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US helped raise $3.1bn for global pandemic response, but much more needed

12 May 2022 - 14:05 By Ahmed Aboulenein
US President Joe Biden has asked the US Congress for billions of dollars in additional funding to fight the Covid-19 pandemic. File image.
US President Joe Biden has asked the US Congress for billions of dollars in additional funding to fight the Covid-19 pandemic. File image.

The US helped raise more than $3.1bn (about R50.24bn) in commitments to the international pandemic response before the second global Covid-19 summit, but the US Congress needs to authorise more funds, a senior White House official said.

The summit, jointly hosted by the US, Belize, Germany, Indonesia and Senegal, will be held virtually on Thursday for countries to discuss efforts to end the pandemic and prepare for future health threats.

It is set to build on efforts and commitments made at the first global summit in September, including getting more people vaccinated, sending tests and treatments to highest-risk populations, expanding protections to healthcare workers and generating financing for pandemic preparedness.

“To date, the summit has leveraged more than $3.1bn in commitments. These are additional to what has been raised at other points in 2022, they are on top of existing commitments,” said the official, who did not reveal the source of the new funds.

“That would not have happened without US leadership. But if the US is to remain a leader, protecting Americans and the world from dangerous disease threats, we need Congress to act now to provide more funding for the Covid-19 response.”

President Joe Biden asked Congress for more than $22.5bn (about R364bn) in additional Covid-19 response funds, including $5bn (about R81bn) for international aid, but lawmakers have failed to pass any funding bill and those negotiating the package have been unable to agree on how to pay for the global response.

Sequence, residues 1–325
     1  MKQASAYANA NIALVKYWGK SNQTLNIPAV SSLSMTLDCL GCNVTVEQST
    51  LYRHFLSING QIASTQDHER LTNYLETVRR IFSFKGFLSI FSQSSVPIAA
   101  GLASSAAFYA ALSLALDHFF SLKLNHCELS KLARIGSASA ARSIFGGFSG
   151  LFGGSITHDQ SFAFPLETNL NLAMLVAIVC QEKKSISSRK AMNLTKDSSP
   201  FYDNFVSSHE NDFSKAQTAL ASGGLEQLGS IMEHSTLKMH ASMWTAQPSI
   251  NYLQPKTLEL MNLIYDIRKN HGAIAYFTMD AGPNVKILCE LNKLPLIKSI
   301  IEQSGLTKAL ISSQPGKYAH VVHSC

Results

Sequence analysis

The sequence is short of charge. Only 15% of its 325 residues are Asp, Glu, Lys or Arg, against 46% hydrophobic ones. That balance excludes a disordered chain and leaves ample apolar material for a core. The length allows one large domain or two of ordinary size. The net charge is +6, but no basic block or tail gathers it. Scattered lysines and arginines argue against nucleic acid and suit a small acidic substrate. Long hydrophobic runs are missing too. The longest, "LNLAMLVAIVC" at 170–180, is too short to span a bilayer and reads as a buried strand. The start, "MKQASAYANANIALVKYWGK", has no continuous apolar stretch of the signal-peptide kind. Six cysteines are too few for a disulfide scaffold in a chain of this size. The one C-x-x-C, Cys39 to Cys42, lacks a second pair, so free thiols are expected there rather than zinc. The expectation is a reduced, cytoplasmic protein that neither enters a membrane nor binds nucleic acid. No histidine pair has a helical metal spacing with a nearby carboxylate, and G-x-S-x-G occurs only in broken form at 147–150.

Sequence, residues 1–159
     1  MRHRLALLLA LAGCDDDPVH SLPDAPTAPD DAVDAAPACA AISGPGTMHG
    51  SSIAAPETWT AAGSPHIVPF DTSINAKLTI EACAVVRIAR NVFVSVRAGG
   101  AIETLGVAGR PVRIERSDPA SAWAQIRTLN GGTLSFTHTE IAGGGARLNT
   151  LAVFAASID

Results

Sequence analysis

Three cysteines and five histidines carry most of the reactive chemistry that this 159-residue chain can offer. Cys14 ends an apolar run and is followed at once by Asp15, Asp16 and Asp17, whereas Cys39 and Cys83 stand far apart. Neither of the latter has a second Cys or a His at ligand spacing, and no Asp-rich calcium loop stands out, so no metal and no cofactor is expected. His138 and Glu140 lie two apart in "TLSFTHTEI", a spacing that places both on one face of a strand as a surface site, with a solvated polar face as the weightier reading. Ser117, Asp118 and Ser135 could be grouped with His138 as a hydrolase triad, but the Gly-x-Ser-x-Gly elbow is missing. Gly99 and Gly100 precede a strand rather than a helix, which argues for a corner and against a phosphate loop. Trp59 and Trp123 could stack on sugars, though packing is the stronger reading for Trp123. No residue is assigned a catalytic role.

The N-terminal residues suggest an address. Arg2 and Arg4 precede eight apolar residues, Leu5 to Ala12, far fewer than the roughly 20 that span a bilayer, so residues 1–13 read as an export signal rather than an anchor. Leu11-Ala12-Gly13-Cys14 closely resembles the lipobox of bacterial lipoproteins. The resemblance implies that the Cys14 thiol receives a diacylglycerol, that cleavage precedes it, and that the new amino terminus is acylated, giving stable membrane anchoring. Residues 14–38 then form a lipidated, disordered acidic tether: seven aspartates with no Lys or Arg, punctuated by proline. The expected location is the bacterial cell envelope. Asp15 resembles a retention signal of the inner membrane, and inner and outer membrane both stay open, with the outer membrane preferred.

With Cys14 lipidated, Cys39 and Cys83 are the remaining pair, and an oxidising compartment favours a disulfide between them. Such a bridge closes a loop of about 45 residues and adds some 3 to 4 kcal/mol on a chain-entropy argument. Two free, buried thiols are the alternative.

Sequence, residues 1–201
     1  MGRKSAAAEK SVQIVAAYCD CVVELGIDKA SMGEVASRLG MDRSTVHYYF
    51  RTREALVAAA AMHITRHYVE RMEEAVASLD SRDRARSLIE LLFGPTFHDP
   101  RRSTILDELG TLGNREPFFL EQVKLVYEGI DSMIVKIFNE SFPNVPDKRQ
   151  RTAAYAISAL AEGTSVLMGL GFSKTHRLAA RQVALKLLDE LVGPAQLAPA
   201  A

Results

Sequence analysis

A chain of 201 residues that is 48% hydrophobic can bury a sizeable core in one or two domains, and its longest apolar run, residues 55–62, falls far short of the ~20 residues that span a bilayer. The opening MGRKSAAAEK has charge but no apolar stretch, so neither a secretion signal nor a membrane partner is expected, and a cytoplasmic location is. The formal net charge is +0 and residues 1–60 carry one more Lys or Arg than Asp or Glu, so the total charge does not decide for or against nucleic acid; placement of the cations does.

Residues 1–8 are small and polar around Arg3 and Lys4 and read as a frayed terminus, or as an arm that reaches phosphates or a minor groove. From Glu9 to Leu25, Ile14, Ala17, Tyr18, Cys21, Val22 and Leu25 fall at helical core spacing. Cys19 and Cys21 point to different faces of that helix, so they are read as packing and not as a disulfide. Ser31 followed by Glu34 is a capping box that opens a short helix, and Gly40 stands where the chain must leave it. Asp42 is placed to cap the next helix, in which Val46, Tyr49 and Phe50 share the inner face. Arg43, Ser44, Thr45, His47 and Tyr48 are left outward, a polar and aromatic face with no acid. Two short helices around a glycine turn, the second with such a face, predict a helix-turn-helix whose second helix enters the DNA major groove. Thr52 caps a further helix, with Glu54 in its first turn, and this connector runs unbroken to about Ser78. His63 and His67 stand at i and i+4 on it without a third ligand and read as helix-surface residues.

The US will contribute an additional $200m (about R3.24bn) to the global health fund for future pandemic preparedness at the World Bank, the official said, bringing its total contribution to $450bn (about R7.29-trillion).

“The overarching purposes of the summit are twofold: one is to redouble our efforts to control Covid-19 and the second is to ensure the world is prepared for the next pandemic,” the official told reporters on a press call.

At least 14 other countries — Canada, Colombia, India, Italy, Japan, New Zealand, Nigeria, Norway, Palau, Rwanda, SA, South Korea, Spain and Tanzania — as well as the World Health Organisation, European Commission, private sector companies such as Google, and non-governmental organisations such as the Bill and Melinda Gates Foundation, will attend the summit.

The US has delivered more than 500-million doses of vaccines to more than 100 countries as part of the 1.2-billion doses it pledged at the first summit in September and has already committed more than $19bn (about R308.08bn) in funding for vaccines, tests, treatments and other forms of assistance, the official said.



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